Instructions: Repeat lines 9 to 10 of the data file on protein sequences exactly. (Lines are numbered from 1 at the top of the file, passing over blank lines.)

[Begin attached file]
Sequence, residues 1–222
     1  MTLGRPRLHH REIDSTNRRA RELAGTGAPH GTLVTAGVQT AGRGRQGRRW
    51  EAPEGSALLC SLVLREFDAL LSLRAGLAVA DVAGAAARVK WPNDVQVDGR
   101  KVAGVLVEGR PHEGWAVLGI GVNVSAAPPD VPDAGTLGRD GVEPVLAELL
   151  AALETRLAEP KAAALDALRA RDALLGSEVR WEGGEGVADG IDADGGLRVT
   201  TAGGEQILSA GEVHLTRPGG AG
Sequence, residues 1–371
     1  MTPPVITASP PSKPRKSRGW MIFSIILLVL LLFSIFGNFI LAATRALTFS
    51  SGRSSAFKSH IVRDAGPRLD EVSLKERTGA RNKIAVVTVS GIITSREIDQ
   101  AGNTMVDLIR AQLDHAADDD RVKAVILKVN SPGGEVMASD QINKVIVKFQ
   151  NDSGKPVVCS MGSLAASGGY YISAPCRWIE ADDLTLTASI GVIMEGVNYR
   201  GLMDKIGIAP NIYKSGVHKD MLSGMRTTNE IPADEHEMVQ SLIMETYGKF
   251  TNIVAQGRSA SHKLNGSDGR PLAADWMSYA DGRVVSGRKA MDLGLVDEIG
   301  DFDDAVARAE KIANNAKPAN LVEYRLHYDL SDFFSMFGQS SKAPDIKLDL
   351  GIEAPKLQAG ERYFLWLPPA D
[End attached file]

    51  SGRSSAFKSH IVRDAGPRLD EVSLKERTGA RNKIAVVTVS GIITSREIDQ
   101  AGNTMVDLIR AQLDHAADDD RVKAVILKVN SPGGEVMASD QINKVIVKFQ